Grass Types: Which one is right for your lawn?


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Types of grass used for American lawns depends on the region in which you live, and can even be unique based upon the part of the state and climate in that area. In the interest of brevity and not bogging you down with the many varieties of grass species, we’ve used the simplified categories of warm season, cool season and the transition area. Discover which type of grass is native to your state and area here.

This classification splits the country into a northern region, known as the cool season, a band of area across the middle of the country, known as the transition zone, and the southern region, known as the warm season. The distinction between each type of grass has little to do with the season in which they grow and thrive, since the primary growing season for each type of grass is from late spring to early fall. Rather, it refers more to the ideal temperature range at which the grass thrives.

The Three Regions of the US

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Warm Season — Warm season grass grows best when the temperatures range from 80 to 95 degrees. This grass is typically found in the humid zones of the gulf coast and the arid desert of the southwest. Grass species that thrive in the humid weather include Bahiagrass, St. Augustine and Zoysia. Bermudagrass is typically found in the arid regions of Texas and the southwest because of its resiliency in tough drought conditions.

Warm season grass in most cases becomes dormant and loses its lush appearance when soil temperatures drop below 65 degrees. Because of this, it is recommended that homeowners use cool season grass for overseeding during the winter months to protect the vibrant green color in their yard all year long.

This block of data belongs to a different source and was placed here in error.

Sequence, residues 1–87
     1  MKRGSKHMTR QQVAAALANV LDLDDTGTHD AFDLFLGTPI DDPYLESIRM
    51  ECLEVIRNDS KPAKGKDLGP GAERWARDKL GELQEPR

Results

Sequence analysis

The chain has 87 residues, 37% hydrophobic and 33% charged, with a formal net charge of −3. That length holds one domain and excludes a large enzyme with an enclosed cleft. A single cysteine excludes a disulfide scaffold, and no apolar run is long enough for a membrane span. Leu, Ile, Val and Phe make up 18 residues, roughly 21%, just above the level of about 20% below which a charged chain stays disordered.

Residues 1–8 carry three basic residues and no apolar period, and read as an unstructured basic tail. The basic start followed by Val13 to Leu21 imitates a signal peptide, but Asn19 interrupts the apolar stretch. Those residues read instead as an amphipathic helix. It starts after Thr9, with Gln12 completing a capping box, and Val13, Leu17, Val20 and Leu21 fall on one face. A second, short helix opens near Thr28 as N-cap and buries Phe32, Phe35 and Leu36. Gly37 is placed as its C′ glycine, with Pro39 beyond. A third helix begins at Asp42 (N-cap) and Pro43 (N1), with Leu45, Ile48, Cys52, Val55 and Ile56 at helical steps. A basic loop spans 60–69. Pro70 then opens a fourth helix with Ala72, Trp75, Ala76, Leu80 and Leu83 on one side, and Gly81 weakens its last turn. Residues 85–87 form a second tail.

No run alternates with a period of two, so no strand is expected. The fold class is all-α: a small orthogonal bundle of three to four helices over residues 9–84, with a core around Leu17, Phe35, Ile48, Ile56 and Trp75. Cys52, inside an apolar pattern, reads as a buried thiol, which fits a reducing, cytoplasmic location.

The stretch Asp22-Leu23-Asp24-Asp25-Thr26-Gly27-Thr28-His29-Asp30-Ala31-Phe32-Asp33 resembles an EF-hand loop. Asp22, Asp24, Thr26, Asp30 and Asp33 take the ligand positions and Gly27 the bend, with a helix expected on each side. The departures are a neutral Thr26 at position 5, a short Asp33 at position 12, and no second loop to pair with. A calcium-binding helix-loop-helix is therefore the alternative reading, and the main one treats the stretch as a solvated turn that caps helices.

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Cool Season — These grass types typically do well in the humid and cooler parts of the Northeast, Midwest and Pacific Northwest. These grass species include Rye, Bluegrass, Fescue and Wheatgrass, which grow best in temperatures sitting between 65 to 75 degrees. Most cool season grass types don’t go dormant, but can be affected by “rust” which is a result of excessive snow cover. Cool season grasses are generally planted in mixtures of species in order to withstand heavy foot traffic, shade and extreme weather conditions.

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Transition Zone — There is a band of states ranging from Virginia across to parts of southern California known as the transition zone where the optimal weather conditions for either type of grass aren’t prevalent. Typically outdoor experts tend to use cool season grass in this area of the country or a mixture of the two, but recent biological advancements have seen new types of warm season grass like Geo Zoysia and Latitude 36 Bermuda which have become more cold tolerant.


A Few More Things to Consider


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Seasonality — The time of the year plays a big role in what your grass and yard need to grow. The grass should be kept longer in the summer and you need to add the right fertilizer and nutrients to your grass in the fall to ensure that it’s able to survive the harsh winter. There’s a 12-month calendar for your lawn that should be carefully considered if you want the best looking yard in the neighborhood all year long.

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Water Regulations — Keep yourself up to date on the water regulations in your region. In the south and in California where it is common to have water restrictions during the summer drought, that will affect when and how you’re able to water your grass. Educate yourself on this schedule, not only to be in compliance with local regulations, but also because you don’t want to miss your window and risk your grass dying before you get another chance to pull out the sprinkler.

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Pests — The types of pests, ranging from little bugs to local wildlife, will vary from region-to-region. Do your homework on the living things crawling through your grass and decide whether they can potentially harm your lawn, and what it takes to prevent the damage. These creatures and animals can be destructive to your yard if not dealt with properly.

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Test Your Soil — For the really advanced lawn care aficionados, it is helpful to test your soil to make sure it’s getting the proper nutrients. This can be achieved by using a commercial test probe, the red cabbage method, vinegar and baking soda or by altering the pH level and tracking the changes. These methods can all be found online.


Next Chapter: Lawn Care Industry Statistics



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